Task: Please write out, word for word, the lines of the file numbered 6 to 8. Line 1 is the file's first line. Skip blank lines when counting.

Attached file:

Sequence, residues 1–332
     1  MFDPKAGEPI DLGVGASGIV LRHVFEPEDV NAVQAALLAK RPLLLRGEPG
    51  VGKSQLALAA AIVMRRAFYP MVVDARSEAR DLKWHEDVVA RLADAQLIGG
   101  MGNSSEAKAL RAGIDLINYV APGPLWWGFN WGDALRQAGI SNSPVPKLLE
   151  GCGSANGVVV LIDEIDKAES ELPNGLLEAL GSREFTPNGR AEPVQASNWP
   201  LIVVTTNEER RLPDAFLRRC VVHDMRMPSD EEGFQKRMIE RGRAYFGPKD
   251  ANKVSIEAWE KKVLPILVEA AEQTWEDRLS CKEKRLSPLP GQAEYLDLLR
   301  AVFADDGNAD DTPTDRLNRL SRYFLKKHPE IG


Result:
   201  LIVVTTNEER RLPDAFLRRC VVHDMRMPSD EEGFQKRMIE RGRAYFGPKD
   251  ANKVSIEAWE KKVLPILVEA AEQTWEDRLS CKEKRLSPLP GQAEYLDLLR
   301  AVFADDGNAD DTPTDRLNRL SRYFLKKHPE IG